Something about it was so energizing. I felt fully animated. The song ended right as I pulled up in front of the building and turned off my car. I grabbed my camera and went inside, and spent most of the next 12 hours creating a video using footage from my trip. It was an idea I'd been forming the last couple days as I was driving on the freeway. I decided to bust it out and get it done while my mind was in a kind of crazy mode where I could focus for a long time. Here is that video:


So, that is a quick surface level summary of my trip. Of course, the real meaning of it would be difficult to describe. I can share pretty sights and funny stories, but the really interesting part to me is what I learned about different aspects of myself, relationships, traveling, music, and family; and the opportunities I had to be present with my thoughts and feelings for hours and days at a time, without being forced to act in a prescribed way that someone else expects.

Please be advised that reading this trip report is not a replacement for going on a trip. In fact, the main reason I want to make a trip report at all, is because the memories of the scenery and the daily activities fade; if I don't make a record, I won't remember what I saw and did. Scenery on its own is the least memorable and impactful aspect of my journeys. The reason I go to these places is not to collect photos or look at beautiful things, but to unlock an inner state that promotes growth, processing, and reflection. It reveals my own desires to me and helps me sort out my goals for the future. These revelations are what become embedded in my life and change me ever after. For me, traveling is more about the quality of the time spent than it is about the places I go and the sights I see. It just so happens that the best way to cultivate that quality experience is to get out into these beautiful places, so that's why I keep going back.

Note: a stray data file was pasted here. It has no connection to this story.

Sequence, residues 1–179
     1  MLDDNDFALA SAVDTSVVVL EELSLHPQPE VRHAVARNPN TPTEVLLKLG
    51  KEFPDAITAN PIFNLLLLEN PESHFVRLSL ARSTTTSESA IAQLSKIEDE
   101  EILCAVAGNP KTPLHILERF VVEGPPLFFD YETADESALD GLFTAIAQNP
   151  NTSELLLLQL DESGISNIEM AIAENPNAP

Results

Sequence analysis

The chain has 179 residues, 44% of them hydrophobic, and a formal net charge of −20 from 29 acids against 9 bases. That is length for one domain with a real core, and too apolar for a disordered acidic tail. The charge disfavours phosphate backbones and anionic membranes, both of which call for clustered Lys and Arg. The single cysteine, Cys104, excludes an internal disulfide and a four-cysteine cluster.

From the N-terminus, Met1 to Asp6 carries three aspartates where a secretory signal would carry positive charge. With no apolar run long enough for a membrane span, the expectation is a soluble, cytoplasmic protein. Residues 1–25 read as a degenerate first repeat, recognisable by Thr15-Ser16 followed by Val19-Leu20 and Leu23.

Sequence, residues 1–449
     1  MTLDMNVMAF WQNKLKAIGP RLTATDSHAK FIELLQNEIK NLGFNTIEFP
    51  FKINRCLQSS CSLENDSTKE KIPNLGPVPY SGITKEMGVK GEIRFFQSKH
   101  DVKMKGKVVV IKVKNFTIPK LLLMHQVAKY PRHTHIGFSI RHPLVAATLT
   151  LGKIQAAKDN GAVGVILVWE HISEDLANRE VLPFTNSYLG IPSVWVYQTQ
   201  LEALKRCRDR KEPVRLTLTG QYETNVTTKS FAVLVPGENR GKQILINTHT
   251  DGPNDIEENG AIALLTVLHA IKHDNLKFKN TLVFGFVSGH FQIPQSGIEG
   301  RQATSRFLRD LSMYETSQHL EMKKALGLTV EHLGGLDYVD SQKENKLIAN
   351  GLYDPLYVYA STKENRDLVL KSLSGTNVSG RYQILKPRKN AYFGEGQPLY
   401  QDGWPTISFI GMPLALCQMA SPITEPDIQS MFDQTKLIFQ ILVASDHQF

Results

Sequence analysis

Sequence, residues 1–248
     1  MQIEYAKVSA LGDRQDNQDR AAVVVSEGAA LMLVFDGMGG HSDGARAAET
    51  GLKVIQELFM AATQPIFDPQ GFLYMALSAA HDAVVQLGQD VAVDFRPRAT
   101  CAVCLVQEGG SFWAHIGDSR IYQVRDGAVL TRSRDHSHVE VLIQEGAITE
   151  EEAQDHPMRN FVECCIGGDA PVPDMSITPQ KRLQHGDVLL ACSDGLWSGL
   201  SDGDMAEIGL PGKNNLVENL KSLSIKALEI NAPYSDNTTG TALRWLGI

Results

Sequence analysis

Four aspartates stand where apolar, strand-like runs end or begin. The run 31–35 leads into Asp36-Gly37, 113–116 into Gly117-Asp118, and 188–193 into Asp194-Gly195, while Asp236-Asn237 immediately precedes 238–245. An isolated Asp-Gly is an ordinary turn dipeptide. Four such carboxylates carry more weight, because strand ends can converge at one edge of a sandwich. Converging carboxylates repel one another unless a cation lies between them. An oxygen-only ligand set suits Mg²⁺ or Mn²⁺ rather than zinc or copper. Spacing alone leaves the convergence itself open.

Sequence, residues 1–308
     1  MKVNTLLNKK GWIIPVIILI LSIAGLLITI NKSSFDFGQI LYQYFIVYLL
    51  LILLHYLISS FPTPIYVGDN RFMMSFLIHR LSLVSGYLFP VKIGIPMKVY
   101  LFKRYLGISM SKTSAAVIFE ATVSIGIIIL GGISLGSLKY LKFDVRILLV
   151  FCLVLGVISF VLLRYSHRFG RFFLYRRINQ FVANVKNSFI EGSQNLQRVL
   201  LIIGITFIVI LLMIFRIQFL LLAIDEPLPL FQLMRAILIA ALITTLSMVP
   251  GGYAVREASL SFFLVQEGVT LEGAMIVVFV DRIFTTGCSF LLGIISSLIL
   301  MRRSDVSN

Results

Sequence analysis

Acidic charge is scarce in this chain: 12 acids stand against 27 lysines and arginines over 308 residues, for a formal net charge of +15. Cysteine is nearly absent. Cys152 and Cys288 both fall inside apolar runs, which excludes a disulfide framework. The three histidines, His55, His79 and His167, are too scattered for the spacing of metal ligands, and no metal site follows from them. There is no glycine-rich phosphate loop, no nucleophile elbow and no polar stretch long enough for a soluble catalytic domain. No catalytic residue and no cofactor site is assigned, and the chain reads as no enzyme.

Joe Omundson

About Joe Omundson -

Joe Omundson is working to piece together a cohesive philosophy of lifestyle, spirituality, society, and the natural world.